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Question about SPDIF connections.

Last response: in Components
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February 15, 2006 6:40:34 PM

I'm getting ready to get a new sound card and a set of Logitech Z-5500 speakers, but the sound card doesn't seem to have the same SPDIF connections as the decoder. This leads to my questions. Does a coax digital signal sound as good as a optical digital signal? Also, the sound card says it has an analog SPDIF output, but the input on the back of the decoder doesn't have the same kind of jack that the output on the sound card has. So, looking at the picture of the back of the decoder, does the SPDIF output on the sound card resemble a normal headphone jack and does the coax SPDIF input on the decoder resemble an RCA jack? If so that means it will need a special cable, can I expect this cable to show up in the sound card box?

I don't want to order the sound card and speakers to find out they're incompatible so I'm doing my research. Do you have anything else to add to this?

Thanks
February 15, 2006 9:53:47 PM

Digital is just 1s and 0s. Coax digital and optical digital should sound the same. In very long cable runs there the audible differences may be time/phase (jitter), but that won't affect the "quality"; since it has yet to be converted to analog, if the cable is well-shielded neither signal will pick up extra noise.

The digital out on the Audigy2ZS is a minijack out. You need a RCA to stereo mini converter (about $7 at Radioshack) to make use of it.

You don't really need to use the digital out, since the Audigy 2ZS will have better DACs than you Logitech Z-5500, so you should stick to analog. Plus the Audigy2ZS can decode DD5.1. The only reason I could see the need for using the digital out would be if the DVD had a DTS track.
February 16, 2006 12:06:11 AM

So you're saying not to worry about the digital output to the speakers because the card will handle the decoding, and to just hook the speakers up in a normal fashion?
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February 16, 2006 12:30:13 AM

Yes.

This also avoids cable switching for games, which will have to be played using analog cables for surround sound, because the X-Fi is not capable of encoding discrete analog channels to a digital medium like Dolby Digital Live or DTS-Connect, resulting in only stereo output in digital mode.
March 23, 2006 6:34:38 PM

Check this card out...it's got a digital coax coming right off the card...no need for adapters, special break out boxes, or extraneous cabling...just digital coax out to digital coax in..nice, clean, simple and with excellent sound quality.
March 23, 2006 10:01:58 PM

How is he going to get gaming surround sound using the digital coax? All he will get is stereo.
March 23, 2006 11:34:01 PM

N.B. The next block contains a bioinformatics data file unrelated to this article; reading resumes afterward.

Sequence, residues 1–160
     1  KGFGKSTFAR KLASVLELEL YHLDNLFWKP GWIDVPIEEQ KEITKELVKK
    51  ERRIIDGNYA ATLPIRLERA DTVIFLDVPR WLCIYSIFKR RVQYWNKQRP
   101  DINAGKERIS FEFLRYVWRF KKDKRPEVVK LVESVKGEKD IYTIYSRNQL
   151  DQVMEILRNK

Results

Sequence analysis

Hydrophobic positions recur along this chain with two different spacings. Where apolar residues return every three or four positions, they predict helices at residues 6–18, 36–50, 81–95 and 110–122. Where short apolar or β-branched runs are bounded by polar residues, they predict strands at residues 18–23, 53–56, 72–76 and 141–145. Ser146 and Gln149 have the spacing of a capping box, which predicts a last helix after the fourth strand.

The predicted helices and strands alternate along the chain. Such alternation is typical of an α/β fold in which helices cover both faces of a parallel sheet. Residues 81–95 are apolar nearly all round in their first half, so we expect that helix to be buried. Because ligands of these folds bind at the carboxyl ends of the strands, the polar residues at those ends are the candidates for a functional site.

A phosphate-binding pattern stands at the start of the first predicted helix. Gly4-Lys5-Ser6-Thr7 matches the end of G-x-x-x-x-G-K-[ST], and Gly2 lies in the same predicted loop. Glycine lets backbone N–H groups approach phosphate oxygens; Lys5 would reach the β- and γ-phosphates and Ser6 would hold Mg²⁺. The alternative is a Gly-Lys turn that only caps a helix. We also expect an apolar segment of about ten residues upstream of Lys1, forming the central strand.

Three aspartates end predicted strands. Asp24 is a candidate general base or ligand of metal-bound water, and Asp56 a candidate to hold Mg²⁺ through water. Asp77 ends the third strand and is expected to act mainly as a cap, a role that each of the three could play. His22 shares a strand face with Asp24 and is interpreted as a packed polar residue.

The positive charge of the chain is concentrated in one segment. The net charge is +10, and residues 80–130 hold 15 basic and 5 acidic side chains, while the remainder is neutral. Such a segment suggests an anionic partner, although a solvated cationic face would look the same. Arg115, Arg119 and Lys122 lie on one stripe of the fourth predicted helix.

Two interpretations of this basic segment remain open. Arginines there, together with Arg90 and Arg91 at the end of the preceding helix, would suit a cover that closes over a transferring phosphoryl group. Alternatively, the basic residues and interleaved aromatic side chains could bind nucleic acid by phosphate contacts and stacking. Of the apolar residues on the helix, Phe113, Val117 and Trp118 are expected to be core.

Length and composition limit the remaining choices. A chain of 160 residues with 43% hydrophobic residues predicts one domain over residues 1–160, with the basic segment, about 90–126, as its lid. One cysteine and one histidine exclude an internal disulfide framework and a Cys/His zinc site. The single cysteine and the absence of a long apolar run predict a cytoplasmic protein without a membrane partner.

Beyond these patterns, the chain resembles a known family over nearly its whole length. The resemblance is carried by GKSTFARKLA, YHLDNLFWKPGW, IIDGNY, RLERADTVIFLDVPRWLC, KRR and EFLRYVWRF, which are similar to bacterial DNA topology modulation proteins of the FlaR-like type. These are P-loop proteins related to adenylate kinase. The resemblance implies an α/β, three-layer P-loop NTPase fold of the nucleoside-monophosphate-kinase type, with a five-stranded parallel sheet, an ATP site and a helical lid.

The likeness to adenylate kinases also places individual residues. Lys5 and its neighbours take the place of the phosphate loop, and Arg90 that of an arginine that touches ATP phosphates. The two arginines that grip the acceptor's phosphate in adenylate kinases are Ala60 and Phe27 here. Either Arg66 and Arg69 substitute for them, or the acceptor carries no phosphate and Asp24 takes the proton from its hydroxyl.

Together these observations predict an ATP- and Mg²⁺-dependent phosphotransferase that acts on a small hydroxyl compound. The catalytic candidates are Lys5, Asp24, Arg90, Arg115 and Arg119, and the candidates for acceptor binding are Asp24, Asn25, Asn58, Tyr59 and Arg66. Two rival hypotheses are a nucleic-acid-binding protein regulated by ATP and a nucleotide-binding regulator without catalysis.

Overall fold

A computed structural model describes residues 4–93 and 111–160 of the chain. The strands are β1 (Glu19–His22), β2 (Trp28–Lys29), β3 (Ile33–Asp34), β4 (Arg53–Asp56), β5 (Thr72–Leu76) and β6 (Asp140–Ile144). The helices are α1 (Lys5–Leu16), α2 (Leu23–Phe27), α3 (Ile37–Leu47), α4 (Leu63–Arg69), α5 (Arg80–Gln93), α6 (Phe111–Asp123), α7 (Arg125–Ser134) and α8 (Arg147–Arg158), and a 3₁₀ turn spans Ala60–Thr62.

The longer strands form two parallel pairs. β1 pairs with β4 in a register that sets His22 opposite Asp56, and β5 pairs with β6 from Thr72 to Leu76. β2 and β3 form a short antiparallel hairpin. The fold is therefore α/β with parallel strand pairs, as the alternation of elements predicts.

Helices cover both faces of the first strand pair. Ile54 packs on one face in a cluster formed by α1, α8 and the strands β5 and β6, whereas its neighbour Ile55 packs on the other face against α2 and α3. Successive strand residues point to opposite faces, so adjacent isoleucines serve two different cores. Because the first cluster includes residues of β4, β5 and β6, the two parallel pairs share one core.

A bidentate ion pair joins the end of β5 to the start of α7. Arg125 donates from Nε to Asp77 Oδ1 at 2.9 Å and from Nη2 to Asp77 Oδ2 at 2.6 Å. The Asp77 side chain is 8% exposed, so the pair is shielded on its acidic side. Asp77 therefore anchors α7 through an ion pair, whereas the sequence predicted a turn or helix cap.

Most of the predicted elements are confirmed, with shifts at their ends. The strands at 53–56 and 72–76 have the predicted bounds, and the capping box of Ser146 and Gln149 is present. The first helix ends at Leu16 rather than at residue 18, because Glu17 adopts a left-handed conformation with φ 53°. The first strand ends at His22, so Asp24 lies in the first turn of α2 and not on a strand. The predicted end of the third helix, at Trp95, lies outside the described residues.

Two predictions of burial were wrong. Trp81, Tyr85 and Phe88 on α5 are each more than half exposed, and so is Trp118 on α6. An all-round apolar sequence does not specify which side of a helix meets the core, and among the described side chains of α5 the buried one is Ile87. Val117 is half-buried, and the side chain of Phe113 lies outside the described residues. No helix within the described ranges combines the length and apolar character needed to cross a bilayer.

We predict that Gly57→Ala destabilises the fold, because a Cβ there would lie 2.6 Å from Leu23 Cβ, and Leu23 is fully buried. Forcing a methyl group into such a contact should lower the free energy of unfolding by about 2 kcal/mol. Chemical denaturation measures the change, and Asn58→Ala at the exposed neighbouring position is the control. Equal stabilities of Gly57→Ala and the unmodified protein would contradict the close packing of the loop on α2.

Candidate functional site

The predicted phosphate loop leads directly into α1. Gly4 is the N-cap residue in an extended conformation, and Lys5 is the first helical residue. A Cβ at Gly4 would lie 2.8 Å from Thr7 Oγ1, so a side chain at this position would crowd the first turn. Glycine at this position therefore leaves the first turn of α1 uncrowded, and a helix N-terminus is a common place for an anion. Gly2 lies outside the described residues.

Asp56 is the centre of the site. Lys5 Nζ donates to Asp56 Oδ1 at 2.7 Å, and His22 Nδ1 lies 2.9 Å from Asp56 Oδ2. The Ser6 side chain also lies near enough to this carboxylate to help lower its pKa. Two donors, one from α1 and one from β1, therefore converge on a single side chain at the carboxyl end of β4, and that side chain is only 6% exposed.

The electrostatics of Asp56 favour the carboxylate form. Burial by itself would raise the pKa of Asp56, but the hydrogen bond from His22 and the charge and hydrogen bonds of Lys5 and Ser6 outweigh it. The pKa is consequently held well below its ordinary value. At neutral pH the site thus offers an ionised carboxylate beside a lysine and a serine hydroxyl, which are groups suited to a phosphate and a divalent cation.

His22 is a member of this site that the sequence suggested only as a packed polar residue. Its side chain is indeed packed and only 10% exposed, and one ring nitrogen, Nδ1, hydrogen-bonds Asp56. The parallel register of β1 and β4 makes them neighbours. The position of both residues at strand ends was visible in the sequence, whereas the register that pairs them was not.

Quote:
How is he going to get gaming surround sound using the digital coax? All he will get is stereo.


Huh?! I thought I was replying to Stinkfinger75...
March 24, 2006 5:28:55 AM

You can get a 5.1 dolby digital output from the spdif
May 20, 2006 8:40:54 PM

so if you want surround sound from Gaming you need to go ANALOG? And if you want digital surround sound you're only going to get it from movies, but stereo from games?
May 23, 2006 2:27:18 AM

You <i>should</i> get 5.1 in any application through SPDIF if the app. supports it, you just have to make sure you have everything set up right in the sound driver.
May 23, 2006 6:42:27 AM

Soundcards can only encode to 2 ch AC3, the sole excepting being the NVIDIA SoundStorm which can encode to 5.1 AC3 and is only avaliable as an integrated sound card in certain NF2 motherboard.

That means that if its prerecorded you get all the channels via SPDIF, but its its not prerecorded content such as a game you only get 2 channel AC3.

So unless you own a Sounstrom Certifiec NF2 motherboard you can't get 5.1 sound from a game using SPDIF.

I believe some creative sound cards actually supported 5.1 AC3 in the form or threee 2channel AC3 digital outputs, which of course was only compatible with a few models of creative speakers.

----
BTW I am quite positive that my X-FI has a better DAC then my $350+ Reciever. I am convinced that I am not deluding myself since I assumed it would be the oposite and only noticed the difference after being to lazy to switch back to SPDIF to watch a DVD after a gaming session.

SPDIF is still the way to go if you use integrated audio for music and movies and your equipment supports it.

Oh and Optical vs Electrical doesn't matter. If the signal gets through its perfect, if it doesn't get through 100% of the time, then its then the defects are jarringly obvious (sharp clicks, pops, gaps).

With digital signals there is no room for subtle degradation.
July 17, 2007 5:29:53 PM

Hi need some help, gotta Packard Bell Easynote W8905, it's gotta Realtek soundcard with Spdif out through the headohone jack, if i buy a logitech Z 5500 wil i enjoy 5.1 Surround Sound and what cable do i need?

Here's the link

http://support.packardbell.com/uk/item/index.php?i=spec... mp;ppn=PB47Q01201
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